Prince Rupert SPCA remind people trapping and relocating cats is illegal

The Prince Rupert SPCA would like to remind locals that trapping cats or kittens and relocating them is not a proper solution to help minimize the stray cat problem and it is not the legal solution, either.

  • May. 4, 2011 9:00 a.m.

The Prince Rupert SPCA would like to remind locals that trapping cats or kittens and relocating them is not a proper solution to help minimize the stray cat problem and it is not the legal solution, either.

“Trapping and relocating cats is not the responsible thing to do, and it’s not legal. People who get caught doing it would definitely be facing charges,” said Prince Rupert Branch SPCA Manager Lindsay Vincent,

“I know of people in town that are trapping these cats and moving them. They need to be reminded that it is illegal and they need to stop.”

Vincent is making this public to people after a recent incident took place. A Good Samaritan spotted a cat out on the highway and took time to capture it. The cat was said to look unhealthy, so the capturer brought it home with them instead of risking the health of animals currently residing at the SPCA. Once the cat’s health was better, the Good Samaritan called the SPCA and informed them of the finding and the animal’s tattoo identification number.  Luckily, the cat had been adopted for the SPCA Prince Rupert Branch so employees at the SPCA were familiar with the owners. The cat was returned to its home, which Vincent says unfortunately is an uncommon occurrence.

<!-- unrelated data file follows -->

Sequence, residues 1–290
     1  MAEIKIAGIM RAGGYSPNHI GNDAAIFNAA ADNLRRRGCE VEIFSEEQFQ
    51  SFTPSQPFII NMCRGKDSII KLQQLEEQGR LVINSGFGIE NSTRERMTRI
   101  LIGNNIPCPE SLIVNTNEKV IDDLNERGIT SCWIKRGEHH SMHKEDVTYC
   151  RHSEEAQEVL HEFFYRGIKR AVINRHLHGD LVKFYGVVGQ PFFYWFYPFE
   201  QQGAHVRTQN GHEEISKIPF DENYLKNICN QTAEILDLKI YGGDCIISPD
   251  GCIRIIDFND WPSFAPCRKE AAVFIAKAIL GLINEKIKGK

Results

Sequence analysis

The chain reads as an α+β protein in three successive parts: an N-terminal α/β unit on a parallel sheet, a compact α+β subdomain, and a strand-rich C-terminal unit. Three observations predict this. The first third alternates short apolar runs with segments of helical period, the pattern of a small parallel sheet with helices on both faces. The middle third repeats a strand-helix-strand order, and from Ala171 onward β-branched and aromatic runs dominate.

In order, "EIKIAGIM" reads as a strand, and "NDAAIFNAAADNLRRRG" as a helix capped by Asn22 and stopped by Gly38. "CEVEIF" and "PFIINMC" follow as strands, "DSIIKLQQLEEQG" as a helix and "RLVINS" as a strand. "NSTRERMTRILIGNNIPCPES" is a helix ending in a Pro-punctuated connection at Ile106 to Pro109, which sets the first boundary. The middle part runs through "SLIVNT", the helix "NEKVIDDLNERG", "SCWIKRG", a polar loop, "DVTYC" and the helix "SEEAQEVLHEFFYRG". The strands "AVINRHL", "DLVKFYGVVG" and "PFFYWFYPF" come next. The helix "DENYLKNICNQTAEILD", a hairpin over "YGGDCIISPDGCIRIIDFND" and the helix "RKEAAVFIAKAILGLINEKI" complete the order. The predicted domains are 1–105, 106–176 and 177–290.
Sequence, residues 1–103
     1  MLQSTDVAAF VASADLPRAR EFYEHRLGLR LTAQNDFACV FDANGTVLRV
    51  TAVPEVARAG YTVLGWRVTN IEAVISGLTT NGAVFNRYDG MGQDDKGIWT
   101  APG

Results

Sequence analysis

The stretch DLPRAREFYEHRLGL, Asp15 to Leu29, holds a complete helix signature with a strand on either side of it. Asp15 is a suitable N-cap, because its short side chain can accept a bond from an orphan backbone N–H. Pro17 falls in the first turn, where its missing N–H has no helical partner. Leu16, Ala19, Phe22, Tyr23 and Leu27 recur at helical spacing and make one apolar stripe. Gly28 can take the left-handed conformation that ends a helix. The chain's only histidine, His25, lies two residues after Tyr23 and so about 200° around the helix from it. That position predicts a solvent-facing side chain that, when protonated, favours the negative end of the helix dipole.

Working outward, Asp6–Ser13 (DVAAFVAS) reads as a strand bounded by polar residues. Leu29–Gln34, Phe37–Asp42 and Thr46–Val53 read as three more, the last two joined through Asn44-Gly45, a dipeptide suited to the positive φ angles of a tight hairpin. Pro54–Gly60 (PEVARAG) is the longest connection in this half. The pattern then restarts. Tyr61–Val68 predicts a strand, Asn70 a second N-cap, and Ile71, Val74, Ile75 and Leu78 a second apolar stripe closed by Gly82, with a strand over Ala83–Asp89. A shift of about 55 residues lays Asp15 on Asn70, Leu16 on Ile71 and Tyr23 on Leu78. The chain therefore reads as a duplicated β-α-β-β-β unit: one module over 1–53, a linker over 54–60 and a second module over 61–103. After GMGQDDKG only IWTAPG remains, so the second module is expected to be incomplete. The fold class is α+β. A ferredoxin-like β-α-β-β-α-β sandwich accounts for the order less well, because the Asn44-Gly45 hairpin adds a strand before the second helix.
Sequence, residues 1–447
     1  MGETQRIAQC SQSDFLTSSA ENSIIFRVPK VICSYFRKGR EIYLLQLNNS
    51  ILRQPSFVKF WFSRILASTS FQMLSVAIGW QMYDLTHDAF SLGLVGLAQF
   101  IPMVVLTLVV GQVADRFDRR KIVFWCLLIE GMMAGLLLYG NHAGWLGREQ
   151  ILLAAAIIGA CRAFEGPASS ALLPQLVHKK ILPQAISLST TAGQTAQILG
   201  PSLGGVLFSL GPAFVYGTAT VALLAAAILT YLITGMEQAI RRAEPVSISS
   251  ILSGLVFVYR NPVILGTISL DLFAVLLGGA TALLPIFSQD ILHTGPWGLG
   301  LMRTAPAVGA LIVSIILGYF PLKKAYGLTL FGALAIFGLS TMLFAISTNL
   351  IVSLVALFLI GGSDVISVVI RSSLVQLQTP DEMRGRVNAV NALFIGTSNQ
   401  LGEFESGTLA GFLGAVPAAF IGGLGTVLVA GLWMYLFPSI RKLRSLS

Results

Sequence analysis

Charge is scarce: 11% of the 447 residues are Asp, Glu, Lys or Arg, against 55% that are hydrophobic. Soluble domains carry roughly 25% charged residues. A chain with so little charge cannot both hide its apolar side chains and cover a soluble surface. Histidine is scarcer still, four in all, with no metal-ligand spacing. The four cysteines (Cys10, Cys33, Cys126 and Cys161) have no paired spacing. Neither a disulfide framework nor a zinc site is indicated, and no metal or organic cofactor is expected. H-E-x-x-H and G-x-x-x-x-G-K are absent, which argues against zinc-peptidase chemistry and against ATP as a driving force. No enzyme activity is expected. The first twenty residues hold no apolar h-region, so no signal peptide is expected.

“How the cat got out the highway no one knows. A strong possibility is that the cat was trapped and relocated out the highway. There’s a possibility it was hanging around somebody’s house that doesn’t care for cats,” explained Vincent.

If someone is having an issue with a cat and decides to trap the animal, they must under law make arrangements to bring it to the SPCA. Cats brought into the SPCA are put on a four-day stray hold, then they will either go up for adoption or if they are not adoptable for health reasons they are euphonized. If the cat capacity is full in the SPCA, Vincent says thankfully the Wildlife Shelter is another option.

“It’s not [the Wildlife Shelter’s] responsibility to take in stray cats, they’re just great people that have opened up their facility to help re-home cats,” Vincent mentioned.

Vincent says that the SPCA is not at full capacity yet, but being that kitten season is here, the likelihood is that it will be full

soon.